Yankees 5, Rays 4

The only way his 3,000th hit would have felt right to Derek

Jeter was if it came in a Yankees win.

So, as with everything else Saturday, he took care of that

himself.

Jeter homered for hit No. 3,000 and raced right past the

milestone in a scintillating performance, going 5 for 5 with a

tiebreaking single in the eighth inning that gave New York a 5-4

victory over the Tampa Bay Rays.

”It would have been really, really awkward to be out there

doing interviews and waving to the crowd after the game if we had

lost. So that was going through my head in my last at-bat today,”

Jeter said. ”If we didn’t win, it definitely would have put a

damper on things.”

Jeter doubled and had three singles while starting a pair of

Yankees rallies and finishing off their last one. He bounced a

single through the left side his first time up to give him No.

2,999, then sent a no-doubt drive deep into the left-field

bleachers off Rays ace David Price in the third inning.

That made Jeter the 28th major leaguer to get 3,000 hits, one of

baseball’s biggest milestones, and the first to do it with the

Yankees. Former teammate Wade Boggs was the only other player to

reach the plateau with a homer.

”Hitting a home run was the last thing I was thinking about,”

Jeter said.

His shot set off quite a celebration in the Bronx, with

teammates mobbing Jeter at home plate in a pack of pinstripes

before he took a curtain call and saluted the sellout crowd of

48,103. The game was held up for 4 minutes, and Jeter also

acknowledged the Tampa Bay players who applauded.

”It was a great moment for Derek and his family and the history

of the Yankee franchise,” said former teammate Johnny Damon, who

led the cheers from the Rays dugout. ”Derek stands for the good

stuff in baseball. I’m proud of him. Everybody in this clubhouse

respects Derek Jeter.”

What a moment for No. 2. His second hit of the game – and right

at 2 p.m.

Moments later, a montage of messages from ex-teammates,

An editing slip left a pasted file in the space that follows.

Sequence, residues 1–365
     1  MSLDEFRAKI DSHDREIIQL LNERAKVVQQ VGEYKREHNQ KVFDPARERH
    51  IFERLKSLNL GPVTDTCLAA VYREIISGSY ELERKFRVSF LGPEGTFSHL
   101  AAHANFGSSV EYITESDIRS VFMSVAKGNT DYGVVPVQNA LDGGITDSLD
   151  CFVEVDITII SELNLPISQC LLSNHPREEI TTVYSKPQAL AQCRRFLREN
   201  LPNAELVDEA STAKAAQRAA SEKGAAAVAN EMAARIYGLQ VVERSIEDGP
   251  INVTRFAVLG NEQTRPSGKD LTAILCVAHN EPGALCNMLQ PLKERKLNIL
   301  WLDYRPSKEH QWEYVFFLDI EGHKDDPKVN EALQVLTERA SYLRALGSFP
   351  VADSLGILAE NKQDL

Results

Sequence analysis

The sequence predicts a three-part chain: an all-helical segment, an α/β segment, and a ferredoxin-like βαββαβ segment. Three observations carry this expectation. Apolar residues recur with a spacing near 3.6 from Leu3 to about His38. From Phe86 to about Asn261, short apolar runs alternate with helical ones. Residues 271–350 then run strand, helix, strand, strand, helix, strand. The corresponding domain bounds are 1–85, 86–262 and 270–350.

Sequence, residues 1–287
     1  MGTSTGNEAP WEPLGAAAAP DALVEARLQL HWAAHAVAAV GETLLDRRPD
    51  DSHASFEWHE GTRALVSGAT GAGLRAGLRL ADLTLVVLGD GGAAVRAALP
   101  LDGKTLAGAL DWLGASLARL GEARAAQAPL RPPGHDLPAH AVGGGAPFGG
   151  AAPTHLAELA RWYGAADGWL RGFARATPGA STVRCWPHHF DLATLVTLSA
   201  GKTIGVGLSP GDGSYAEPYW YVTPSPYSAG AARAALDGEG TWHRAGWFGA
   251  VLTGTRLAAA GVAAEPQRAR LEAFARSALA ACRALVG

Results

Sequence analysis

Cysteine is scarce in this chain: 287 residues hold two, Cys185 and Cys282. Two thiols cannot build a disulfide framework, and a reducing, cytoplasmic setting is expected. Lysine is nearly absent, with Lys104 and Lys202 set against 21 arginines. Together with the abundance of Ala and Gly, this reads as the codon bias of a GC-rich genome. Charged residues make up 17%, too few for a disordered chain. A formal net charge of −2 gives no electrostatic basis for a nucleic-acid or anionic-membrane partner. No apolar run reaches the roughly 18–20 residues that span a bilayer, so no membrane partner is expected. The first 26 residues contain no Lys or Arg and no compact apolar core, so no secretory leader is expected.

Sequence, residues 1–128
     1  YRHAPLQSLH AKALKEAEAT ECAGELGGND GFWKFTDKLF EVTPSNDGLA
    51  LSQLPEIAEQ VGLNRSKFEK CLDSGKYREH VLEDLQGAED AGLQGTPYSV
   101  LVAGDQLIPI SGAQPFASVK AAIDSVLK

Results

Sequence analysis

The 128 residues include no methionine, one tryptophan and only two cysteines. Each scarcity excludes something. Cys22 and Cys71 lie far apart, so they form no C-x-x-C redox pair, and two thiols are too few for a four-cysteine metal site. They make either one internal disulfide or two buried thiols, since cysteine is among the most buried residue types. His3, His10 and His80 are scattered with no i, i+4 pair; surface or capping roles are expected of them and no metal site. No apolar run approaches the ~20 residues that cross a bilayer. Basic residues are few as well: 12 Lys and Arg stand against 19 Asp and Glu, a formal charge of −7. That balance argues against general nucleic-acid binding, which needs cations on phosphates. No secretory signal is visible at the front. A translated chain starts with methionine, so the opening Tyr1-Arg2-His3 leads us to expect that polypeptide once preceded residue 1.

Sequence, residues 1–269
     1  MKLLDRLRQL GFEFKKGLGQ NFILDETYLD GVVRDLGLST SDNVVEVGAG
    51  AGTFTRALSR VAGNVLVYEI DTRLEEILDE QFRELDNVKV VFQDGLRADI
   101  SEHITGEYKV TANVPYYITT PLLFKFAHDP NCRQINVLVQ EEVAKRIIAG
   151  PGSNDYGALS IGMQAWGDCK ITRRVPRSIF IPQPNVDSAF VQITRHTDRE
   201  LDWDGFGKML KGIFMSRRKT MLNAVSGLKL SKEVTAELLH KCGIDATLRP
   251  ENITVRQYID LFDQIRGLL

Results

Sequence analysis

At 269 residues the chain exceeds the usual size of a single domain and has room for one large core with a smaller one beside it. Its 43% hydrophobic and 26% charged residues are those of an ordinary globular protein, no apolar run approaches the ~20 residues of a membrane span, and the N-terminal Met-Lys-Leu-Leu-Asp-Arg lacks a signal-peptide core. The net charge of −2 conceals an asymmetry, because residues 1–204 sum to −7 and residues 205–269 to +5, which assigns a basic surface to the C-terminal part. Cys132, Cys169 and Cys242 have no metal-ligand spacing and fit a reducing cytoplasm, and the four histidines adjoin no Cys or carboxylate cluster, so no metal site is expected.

including Andy Pettitte, was shown on the big video board in center

field. By the fourth inning, the screen showed DJ3K merchandise

flying off the shelves at Yankee Stadium souvenir shops.

The home run was Jeter’s third of the season and first at home

since an inside-the-park shot July 22, 2010, against Kansas City.

But the 37-year-old captain was just warming up in a

turn-back-the-clock performance – and the Yankees needed all of

it.

Eduardo Nunez, perhaps Jeter’s heir apparent at shortstop,

doubled to start the eighth against Joel Peralta (2-4). Brett

Gardner dropped down a sacrifice bunt to push Nunez to third and up

stepped Jeter again, looking to cap his big day in style.

Tampa Bay brought the infield in and Jeter poked a two-strike

pitch up the middle, giving New York a 5-4 lead and prompting

another round of ”De-rek Je-ter!” chants. A sign in the stands

read ”Mr. 3,000.”

”I don’t think you can script it any better. This is already

movie-ready,” Yankees manager Joe Girardi said. ”It’s just

remarkable the day that he had.”

Mariano Rivera got three quick outs for his 22nd save in 26

chances, his first outing since blowing a save Sunday against the

Mets. Rivera was out of action for three days because of a sore

right triceps before pronouncing himself available to pitch

Thursday night.

Curtis Granderson caught Kelly Shoppach’s long drive at the

center-field fence for the second out in the ninth, and the Yankees

held on after losing four of their previous five games.

Granderson also had an RBI single to drive in Jeter in the

fifth, and A.J. Burnett struck out nine in 5 2-3 innings. He left